04 May 2009

An issue of statements I

A statement on the point at issue

I would like to congratulate Constance Singam, new President Dana Lim and her executive committee for their success in retaking Aware.

Thank you, old guard, for remaining steadfast to your principles, for calmly and clearly telling and showing what you stand for.

Thank you, Christians, Muslims, Buddhists, Taoists, Catholics, agnostics and atheists, for showing this was never an issue of faith, for telling us this had all to do with ethics, transparency, respect and diversity.

Thank you, old media, for showing there are some principles that we can all agree to care about.

Thank you, women of every social class and profession, for showing that you care enough about airy fairy ideals like ethics and transparency.

Thank you, mothers, sisters, and daughters, for transcending beyond conservative and liberal labels on Saturday. Thank you for showing that Feminist Mentor and her G9 are more of a religious splinter group than representative of any 'conservative Singapore society'.

Thank you.

Now that you've won, let me point out the road ahead of you.

I understand that Constance Singam and President Dana Lim intend to change the constitution of Aware. For good reason too: the illiberal, unprincipled and surreptitious takeover must never be allowed to happen again. "Fool me once, shame on you. Fool me twice..."

Please don't declare the war is not over; it's barely begun.

The G9 has resigned, their supporters outnumbered. They remain on the membership rolls of Aware even now. All 762 to 755 of them, which by the way constitutes more than 1/3 of the organisation.

My understanding is that it takes a 2/3 majority to push through a change in your constitution. You do not have the numbers, should Feminist Mentor and her G9 regroup and play the role of "principled opposition". More alarmingly, should Feminist Mentor and her G9 decide to to play it by the book, they have more than the 1/10 membership to push for another EGM. And another EGM. And yet another EGM.

You have won with the support of 1411 members. Please cherish the numbers. Please make an effort to engage them, to sustain their interest in feminism, in helping other women in need.

The price of your victory is eternal vigilance.

If you and your supporters fall asleep, know that the 762 to 755 sleepers will be activated once more. If civil society falls asleep, we know there will be more than 755 sleepers, skilled letter writers, proxies and other minions available to take over their next NGO, push their next not-quite-transparent agenda, raise their next protest.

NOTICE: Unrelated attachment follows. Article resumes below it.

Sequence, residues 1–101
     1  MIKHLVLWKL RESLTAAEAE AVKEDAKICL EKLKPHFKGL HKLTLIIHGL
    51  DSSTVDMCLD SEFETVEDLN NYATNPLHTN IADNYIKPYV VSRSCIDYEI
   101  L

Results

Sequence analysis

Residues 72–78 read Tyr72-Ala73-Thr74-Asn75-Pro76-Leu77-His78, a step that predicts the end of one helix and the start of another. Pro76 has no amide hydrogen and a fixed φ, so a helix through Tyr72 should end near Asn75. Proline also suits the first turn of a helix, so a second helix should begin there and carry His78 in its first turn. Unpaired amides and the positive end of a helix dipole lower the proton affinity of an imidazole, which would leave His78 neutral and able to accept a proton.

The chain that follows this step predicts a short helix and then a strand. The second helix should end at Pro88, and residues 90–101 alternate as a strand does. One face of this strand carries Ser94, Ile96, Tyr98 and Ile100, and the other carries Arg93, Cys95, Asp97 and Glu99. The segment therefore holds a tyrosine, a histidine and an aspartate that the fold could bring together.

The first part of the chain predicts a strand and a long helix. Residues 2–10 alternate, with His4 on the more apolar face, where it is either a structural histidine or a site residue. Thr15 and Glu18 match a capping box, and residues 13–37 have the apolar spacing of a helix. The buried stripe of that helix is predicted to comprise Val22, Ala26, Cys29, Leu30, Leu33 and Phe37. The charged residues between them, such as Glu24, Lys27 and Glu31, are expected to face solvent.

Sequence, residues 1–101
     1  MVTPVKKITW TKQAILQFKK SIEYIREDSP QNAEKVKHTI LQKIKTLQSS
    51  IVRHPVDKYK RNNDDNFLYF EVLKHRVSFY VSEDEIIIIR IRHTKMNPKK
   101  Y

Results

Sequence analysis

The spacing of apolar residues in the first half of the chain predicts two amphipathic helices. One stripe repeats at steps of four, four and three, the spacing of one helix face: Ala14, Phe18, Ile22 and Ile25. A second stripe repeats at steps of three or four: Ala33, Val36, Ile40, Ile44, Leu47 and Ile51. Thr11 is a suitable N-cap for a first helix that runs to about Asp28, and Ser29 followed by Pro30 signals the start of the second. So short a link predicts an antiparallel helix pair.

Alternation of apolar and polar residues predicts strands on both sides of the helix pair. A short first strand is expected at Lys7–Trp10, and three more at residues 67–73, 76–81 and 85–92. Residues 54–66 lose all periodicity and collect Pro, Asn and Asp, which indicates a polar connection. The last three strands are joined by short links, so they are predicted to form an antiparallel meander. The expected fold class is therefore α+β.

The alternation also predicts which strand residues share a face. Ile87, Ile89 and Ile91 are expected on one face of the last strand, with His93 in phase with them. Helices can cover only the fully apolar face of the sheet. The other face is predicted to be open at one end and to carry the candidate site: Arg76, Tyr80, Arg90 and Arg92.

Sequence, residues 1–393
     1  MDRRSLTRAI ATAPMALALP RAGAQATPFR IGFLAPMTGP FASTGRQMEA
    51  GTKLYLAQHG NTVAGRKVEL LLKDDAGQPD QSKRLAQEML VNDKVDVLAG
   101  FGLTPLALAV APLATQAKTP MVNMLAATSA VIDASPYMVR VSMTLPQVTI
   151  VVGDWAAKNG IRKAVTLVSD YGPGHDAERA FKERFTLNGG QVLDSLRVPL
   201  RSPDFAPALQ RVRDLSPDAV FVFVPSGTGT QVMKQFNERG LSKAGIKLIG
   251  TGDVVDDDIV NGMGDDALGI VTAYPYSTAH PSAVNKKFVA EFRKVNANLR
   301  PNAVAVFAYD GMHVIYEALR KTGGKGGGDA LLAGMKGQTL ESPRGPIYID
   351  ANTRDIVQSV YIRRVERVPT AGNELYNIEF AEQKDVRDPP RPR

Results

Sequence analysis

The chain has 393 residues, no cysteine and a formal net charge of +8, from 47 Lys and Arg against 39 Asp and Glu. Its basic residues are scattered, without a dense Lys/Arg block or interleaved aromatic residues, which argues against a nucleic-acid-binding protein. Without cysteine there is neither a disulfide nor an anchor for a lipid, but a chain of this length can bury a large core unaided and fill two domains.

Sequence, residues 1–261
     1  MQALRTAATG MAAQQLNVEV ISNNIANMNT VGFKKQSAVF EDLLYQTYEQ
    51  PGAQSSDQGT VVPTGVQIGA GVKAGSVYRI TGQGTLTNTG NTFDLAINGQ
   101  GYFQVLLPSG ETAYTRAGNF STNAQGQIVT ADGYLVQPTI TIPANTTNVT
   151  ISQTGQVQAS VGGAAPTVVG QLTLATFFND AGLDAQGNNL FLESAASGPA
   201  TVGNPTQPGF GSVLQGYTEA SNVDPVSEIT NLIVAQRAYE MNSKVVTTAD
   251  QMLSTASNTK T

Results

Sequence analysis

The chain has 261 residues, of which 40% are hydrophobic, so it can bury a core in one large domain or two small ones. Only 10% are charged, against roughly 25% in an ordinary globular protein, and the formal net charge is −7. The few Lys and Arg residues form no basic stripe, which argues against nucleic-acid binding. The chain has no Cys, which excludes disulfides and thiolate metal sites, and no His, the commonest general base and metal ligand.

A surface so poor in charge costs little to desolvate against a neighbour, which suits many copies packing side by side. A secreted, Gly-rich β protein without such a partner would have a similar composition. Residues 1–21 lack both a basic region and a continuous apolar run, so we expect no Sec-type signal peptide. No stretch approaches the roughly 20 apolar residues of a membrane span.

Remember, remember, the 2nd of May.


tan said...

i would like to ask about your rationale behind your naming this operation leper. are you casting aspersions on sufferers of this very sad and debilitating disease. i have nothing against the old guard, new guards etc. but we have to be mindful about using the words "leper", "leprosy". they are words that depict a real disease, involving real people who continue to suffer enormous stigma.

suhaw said...

What changes can AWARE make to their Constitution to prevent another G9-like takeover ?

Please bear in mind that AWARE was founded on and thrives in an open and inclusive environment. Won't restrictive new contitutional provisions undermine everything that AWARE stands for ?

akikonomu said...

What changes can AWARE make to their Constitution to prevent another G9-like takeover ?These suggestions still keep Aware moderately open and inclusive:

1. Limiting election of executive committee to active members who have volunteered their time and efforts on Aware's projects or sub-committees for the past calendar year.

2. Require nominations for executive committee to be submitted before the AGM so there are no surprises, and all members can scrutinise the nominees in advance.

3. Allow absentee voting, so it makes no difference how many people turn up at the AGM.

suhaw said...

Pardon my skepticism:

1. Tallying who has volunteered reminds me of the 40 hours that some parents clock up to get priority admission for their 1st-borns in popular schools: it opens up another undesireable can of worms.

2. This is probably a good suggestion because it encourages transparency. But if you do find "unsuitable" nominees, then what ? Also, who gets to say what qualities/attributes/affiliations are "unsuitable" ?

3. Allowing absentee voting simply rachets up the stakes without addressing the problem. Just as one side can go around amassing proxies, so can the other. There are 2 million Singaporeans eligible to be AWARE voting members, does that mean the team that can garner more than 1 million votes wins ?

akikonomu said...

There are always pros and cons, and I guess we need to choose the options that hurt the least. Personally, I am not quite prepared to support item (1) even though it was mooted in the media's reports on Aware.

Let's review the options:


a. no unknown faces
b. those who want an exco position, which has the power to decide the direction of the organisation, had better prove their interest by working in the organisation itself first.

a. Show face, clock time, just to qualify for exco?


a. Everyone knows before the AGM who has been nominated for exco. This allows everyone to do their own research and come up with an informed decision.

b. I did not recommend any veto over nominations. However if Aware does implement such a veto system, your worry about 'unsuitable candidates' and who gets to set the standard would be correct.



a. The takeover succeeded because voting was restricted to those who turned up for the AGM itself.


a. You are right in that it doesn't solve the problem of proxies.

Frankly, the most effective constitution change is for Aware to allow vetting, rejection and cancellation of membership subscriptions. And frankly, that's way too restrictive, exclusive, and turns Aware into a closed organisation.